By Andy Parker

18 years ago, former England and Crystal Palace footballer, Geoff Thomas was told he had three months to live because of a very advanced form of leukaemia he was suffering from.  After pioneering treatment by Professor Charlie Craddock in Birmingham, he survived and has dedicated his life to raising money to help other people fight the challenge of blood cancer.

Having met Geoff after having a mechanical issue on my bike near his house five years ago and being inspired by his story, I have now completed my second Tour de France as part of a team of eighteen riders that has raised over £1m for fund crucial clinical trials.

Geoff’s autobiography is Riding Through The Storm and, to tell the story of this latest mission, NBC Sports commissioned a documentary you can find now on YouTube called Riding for Survival which documents our journey.  

I am a club social rider; I am a “bloke who rides a bike”; I have done nothing anyone else cannot do; but I am also lucky enough to have been part of an extraordinary team of more and less talented riders to get a sense of what life on the Tour means.

Andy Parker

The ups

Reaching our first rest day in the rarefied air of ski resort Tignes followed two days later by twice summitting the windy mountain, Mont Ventoux, felt like the team had broken the back of the tour, described by some of the pros as the toughest they’d experienced.  Many people will have ridden up Mont Ventoux, some from each of the three approaches in one day.  This was Stage 11, at the end of which we’d covered 1,600 km (about 1,000 miles) and climbed 27,356 metres (3 times the elevation of Mount Everest).  Battling the ferocious headwinds past Chalet Reynard on the second ascent, as I neared the total of over 4,700 metres climbed that day, was so hard but also a real high to get to the summit and race down the even steeper descent into Malaucene.

The downs

But the Tour always bites back.  The Pyrenees added their own challenges.  Altitude, the Henri Degrange prize awarded for reaching a 2,406 metre summit this year; low clouds and rain added variety.

Pouring with sweat climbing the Tourmalet, the descent, which should have been glorious, was instead full of braking with rain-soaked bends and dangerous white lines along with the odd stray goat or cow and its unwelcome deposit left on the road.  The rain and speed of descent made it freezingly cold but we knew we had one more ascent for 13 km at 9% left to complete the Col du Luz Ardiden.

The length and breadth of France

I am a Francophile; most of my children’s holidays, skiing or summer, have been in France; to travel 3,500 km (nearly 2,200 miles) around this magnificent country with its beaches, mountains, gorges, majestic rivers and chateaux has been a real privilege. It is a country known for its gastronomic excellence and I used to support this view.  Now as a vegetarian, I discovered that the concept of not eating other animals is not one widely appreciated.  But I got through it.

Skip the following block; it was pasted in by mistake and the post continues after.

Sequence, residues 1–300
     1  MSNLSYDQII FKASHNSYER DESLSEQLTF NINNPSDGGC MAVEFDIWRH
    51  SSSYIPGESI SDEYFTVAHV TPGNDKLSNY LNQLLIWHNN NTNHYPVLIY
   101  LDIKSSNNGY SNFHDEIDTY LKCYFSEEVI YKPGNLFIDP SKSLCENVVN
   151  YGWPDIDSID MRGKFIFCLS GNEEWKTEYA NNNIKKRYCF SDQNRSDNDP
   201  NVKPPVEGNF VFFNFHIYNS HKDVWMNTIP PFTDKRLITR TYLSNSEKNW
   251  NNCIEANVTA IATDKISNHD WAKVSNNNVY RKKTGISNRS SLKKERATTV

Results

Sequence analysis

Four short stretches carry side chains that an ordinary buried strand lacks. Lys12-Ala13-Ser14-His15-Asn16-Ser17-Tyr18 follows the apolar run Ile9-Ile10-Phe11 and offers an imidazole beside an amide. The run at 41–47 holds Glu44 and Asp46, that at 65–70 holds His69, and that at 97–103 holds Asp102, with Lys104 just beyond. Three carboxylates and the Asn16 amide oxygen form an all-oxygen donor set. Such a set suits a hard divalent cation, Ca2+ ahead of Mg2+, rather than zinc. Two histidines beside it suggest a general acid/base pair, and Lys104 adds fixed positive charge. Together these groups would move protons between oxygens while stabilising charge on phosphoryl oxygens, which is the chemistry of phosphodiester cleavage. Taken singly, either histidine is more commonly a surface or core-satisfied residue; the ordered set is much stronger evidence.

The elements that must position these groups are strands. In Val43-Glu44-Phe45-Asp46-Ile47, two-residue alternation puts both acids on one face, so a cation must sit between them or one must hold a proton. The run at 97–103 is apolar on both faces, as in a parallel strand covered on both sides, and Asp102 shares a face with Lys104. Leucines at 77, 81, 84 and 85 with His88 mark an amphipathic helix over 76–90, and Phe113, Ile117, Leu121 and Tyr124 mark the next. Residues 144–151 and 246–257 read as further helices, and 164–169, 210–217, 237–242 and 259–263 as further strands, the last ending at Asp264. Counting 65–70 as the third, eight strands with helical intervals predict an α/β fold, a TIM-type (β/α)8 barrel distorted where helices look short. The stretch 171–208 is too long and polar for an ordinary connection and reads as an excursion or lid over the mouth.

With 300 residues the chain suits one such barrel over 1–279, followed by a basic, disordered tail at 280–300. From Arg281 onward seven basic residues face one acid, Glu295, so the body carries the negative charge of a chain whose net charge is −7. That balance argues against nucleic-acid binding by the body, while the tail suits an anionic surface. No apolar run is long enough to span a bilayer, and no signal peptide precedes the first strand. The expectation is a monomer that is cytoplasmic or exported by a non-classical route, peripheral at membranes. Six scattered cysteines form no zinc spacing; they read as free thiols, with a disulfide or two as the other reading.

The team

As a rugby player, where the team is everything, the individual sport tag of cycling has often felt strange.  This event proved that Team is everything.  18 riders, 4 ride captains, 2 masseurs, two people making the lunches, two mechanics, the lead car and moto riders and an unbelievable coach driver proved that the power is in the team.  At every stage, we only finished when every rider finished.  For me, it meant riding up the Mûr de Bretagne with the last rider on its first ascent, but having a real dig then next time round; it meant doing through and off with the strongest 8 riders on the 160 mile stage to protect the remaining riders, just to get it done and when I was spent on the 60m climb into Andorra, it meant me tucking into a group of 5 other riders making sure we all got to the end of the stage.

The tedium

Grand tours are must watch TV; the professional riders make everything look easy; we celebrate the immense endeavour of our heroes.

We don’t see the relentlessness of this life.

A typical day was:

  • 6:15 am – alarm clock goes off
  • 6:30 am – breakfast
  • 7:30 am – either a) roll-out of the hotel with bikes readied for action, day bags packed into the support cars and luggage bags on the coach or b) get on the coach and drive for up to 2 hours to the depart of the stage
  • 1:00 – pm (or thereabouts) have an alfresco salad and bread lunch, restock drinking bottles and food for the next few hours
  • 5:00 to 7:00 get to the end of the stage (longest in the mountains – Ventoux stage had me riding for 10 and a half hours)
  • 7:00 drive to the next hotel
  • 9:00 get off the coach and straight into dinner
  • 9:45 a quick massage
  • 10:30 bed

Ride; Eat; Sleep – Repeat.

The “Why?” 

I would guess all of us have lost friends or close relatives to cancer of one form or another.  Our challenge was to raise £1m to fund critical clinical trials to combat leukaemia.  On the way into Paris, under the Louvre and onto the Champs Elysées, we had the news that £1m had been reached!  That added to the emotional scenes around the Arc de Triomphe – but it’s not the end of the journey.  We are pushing forward to raise more.  Thank you so much everyone who has donated.

If you’d like to donate:

On behalf of the club, congratulations on your achievement.